But he might just. The US president is hesitating and he must be considering the scenario of reinstating the Taliban in Kabul with Russia and Iran helping it with its governance this time around.
Many might argue that at the heart of good journalism lies the ability to ask difficult, if not obvious questions to our leaders. Remarkably, with Joe Biden’s numerous press conferences on the subject of Afghanistan and America’s pullout of its troops, not one American journalist was able to ask the simplest question of Biden, which is the only real issue which matters. Will the US support the Afghan government with an air campaign against the advancing Taliban? This is a deal breaker and really will tell us if all of the so-callled Afghanistan experts bases in various western capitals, are correct in their erroneous prediction of Kabul falling “within weeks”.
In recent weeks Biden has tipped off journalists that he would pull out US troops from Iraq and Syria. In reality, he did neither, anxious that this will give a boost to Iran and its proxies during what is laughingly still a period of negotiations with Iran over the JCPOA.
Biden has no real foreign policy blueprint for the region. And so this makes his last minute decisions more acceptable and almost the norm with most experts. But in the case of Afghanistan, Biden cannot afford to dither as he has in Iraq and Syria. The stakes are just too high.
As Afghanistan’s regional capitals fall quicker than expected to the Taliban, we should look at this advance in context. There is not much of a fight in most cases as the US program of training the Afghan army shows itself to be the unprecedented failure that it is with most regular army units fleeing their posts rather than fight. This is also to do with a governance, which the US could have played a bigger role in. Most soldiers have very low morale and have no confidence in the Afghan elite to make the right decisions quickly, in a country which some have called the most corrupt in the world.
But as most pundits say the end of the Afghan’s government control is in sight, it may well be that Kabul and the government can hold out, if the US and its allies support the Afghan airforce with their campaign which is starting to have an impact. The battle with the Taliban will be from the air and the 53 appache helicopters which the US sold the Afghan government in 2017 will be put to good use in the battle for Kabul. But they will not be enough.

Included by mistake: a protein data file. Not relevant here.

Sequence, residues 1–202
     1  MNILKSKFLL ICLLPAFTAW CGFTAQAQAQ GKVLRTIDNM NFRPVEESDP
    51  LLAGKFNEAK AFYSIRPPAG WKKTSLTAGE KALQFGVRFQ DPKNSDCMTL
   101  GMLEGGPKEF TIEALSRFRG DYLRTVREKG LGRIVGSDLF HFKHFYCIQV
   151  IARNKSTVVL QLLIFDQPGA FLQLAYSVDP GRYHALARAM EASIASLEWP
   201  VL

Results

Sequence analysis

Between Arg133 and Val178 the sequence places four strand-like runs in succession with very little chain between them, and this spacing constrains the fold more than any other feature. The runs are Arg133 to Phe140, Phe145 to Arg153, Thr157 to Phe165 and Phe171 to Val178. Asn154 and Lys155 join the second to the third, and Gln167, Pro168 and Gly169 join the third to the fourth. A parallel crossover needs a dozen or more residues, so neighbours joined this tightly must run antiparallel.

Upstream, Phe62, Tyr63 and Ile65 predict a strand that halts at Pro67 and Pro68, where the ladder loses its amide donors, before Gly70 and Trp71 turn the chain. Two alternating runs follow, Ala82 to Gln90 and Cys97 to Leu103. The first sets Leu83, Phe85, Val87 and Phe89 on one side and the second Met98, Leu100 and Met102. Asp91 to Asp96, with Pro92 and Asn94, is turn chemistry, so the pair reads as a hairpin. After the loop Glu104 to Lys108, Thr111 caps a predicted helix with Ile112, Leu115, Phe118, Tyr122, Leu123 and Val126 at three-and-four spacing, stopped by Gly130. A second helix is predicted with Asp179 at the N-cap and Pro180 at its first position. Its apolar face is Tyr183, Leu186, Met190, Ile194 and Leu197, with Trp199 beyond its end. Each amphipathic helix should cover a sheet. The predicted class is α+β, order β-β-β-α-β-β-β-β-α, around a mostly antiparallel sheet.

Biden is about to write the history books which could tarnish America’s foreign policy mantra for generations to come. Will he let Kabul fall to the Taliban and just stand back and harp on about Afghans having to fight when this extremist group will make such a colossal mockery of US intervention in a twenty year operation which resulted in achieving exactly the opposite that it set out to achieve.
Yes, of course a security vaccum is already a huge problem, which means that the present tiny groups ISIL and Al Qaeda, might expand with the easy influx of overseas jihadists – as they find it easy to operate their and might even find patrons for their dirty work (perhaps even from the US itself, to follow the trend of Syria and Obama’s “dirty dozen” of ho-ho-ho “moderate” rebels which in fact were Al Qaeda and Al Nusra terror groups.
Biden is in a quandary though. Probably he is conscious of how helping the Afghan government might push the Taliban to ask for more support from regional players who could benefit from the Taliban being both in power and carrying out a daily war with the US.
But how does the US bomb the Taliban when it has just signed a peace deal with it in 2020 in Doha?
The tough decision from Biden might be whether to bankroll the Afghan government and extend the arms procurement credit line to its air force. But even in this scenario, if will speed up a process of dialogue both with Iran and Russia who both are in a position to help its airforce. Russia has strategic interests in its central asia “stans” which it doesn’t want to receive more jihadists with a spill over in the future. Iran, for its part, is looking for a convenient proxy war zone to hit the US, outside of the Straits of Hormuz, where it can feed its new appetite for anti American narrative which the new hardline President is championing. For the moment both Tehran and Moscow are playing a waiting game but it would be hard to imagine the Taliban coming back into power without either of these two countries playing a support role of some sort.
The real worry is morale in the Afghan army. It’s hard to see how President Ghani can change this situation favourably in such a short space of time. He may well have more luck with anti Taliban militias scattered around the country who have signalled they are ready to work more closely with the government. But they need to ‘buddy up’ with America’s allies in the region, such as Saudi Arabia and the UAE, before it’s too late. And there really isn’t too much time left.